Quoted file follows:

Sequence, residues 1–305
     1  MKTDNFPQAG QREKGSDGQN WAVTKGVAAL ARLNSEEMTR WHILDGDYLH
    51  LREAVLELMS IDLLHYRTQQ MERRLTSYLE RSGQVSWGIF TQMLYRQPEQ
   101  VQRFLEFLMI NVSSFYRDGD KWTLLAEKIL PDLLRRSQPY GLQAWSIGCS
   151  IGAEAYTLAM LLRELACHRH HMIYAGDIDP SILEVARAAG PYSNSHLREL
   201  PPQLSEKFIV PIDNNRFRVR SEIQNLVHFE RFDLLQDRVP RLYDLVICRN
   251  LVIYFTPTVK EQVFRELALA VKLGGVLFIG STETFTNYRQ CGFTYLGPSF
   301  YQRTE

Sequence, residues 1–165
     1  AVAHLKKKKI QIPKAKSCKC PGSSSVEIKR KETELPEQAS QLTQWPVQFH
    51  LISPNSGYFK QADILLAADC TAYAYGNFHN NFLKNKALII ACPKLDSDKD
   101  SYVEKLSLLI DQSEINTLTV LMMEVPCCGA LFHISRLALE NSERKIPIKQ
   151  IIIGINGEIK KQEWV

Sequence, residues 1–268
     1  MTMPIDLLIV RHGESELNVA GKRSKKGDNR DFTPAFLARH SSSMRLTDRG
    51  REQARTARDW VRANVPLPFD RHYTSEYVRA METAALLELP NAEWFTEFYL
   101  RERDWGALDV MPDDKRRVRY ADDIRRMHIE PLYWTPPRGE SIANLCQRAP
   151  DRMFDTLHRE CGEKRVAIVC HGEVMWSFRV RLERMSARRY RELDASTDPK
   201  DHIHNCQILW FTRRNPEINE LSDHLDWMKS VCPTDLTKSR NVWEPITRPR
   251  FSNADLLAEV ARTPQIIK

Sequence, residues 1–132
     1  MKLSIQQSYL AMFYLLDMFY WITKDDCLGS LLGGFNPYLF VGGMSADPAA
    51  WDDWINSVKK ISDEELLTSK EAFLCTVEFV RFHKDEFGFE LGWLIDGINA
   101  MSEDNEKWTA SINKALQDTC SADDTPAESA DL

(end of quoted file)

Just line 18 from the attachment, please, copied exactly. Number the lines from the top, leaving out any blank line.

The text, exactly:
   151  DRMFDTLHRE CGEKRVAIVC HGEVMWSFRV RLERMSARRY RELDASTDPK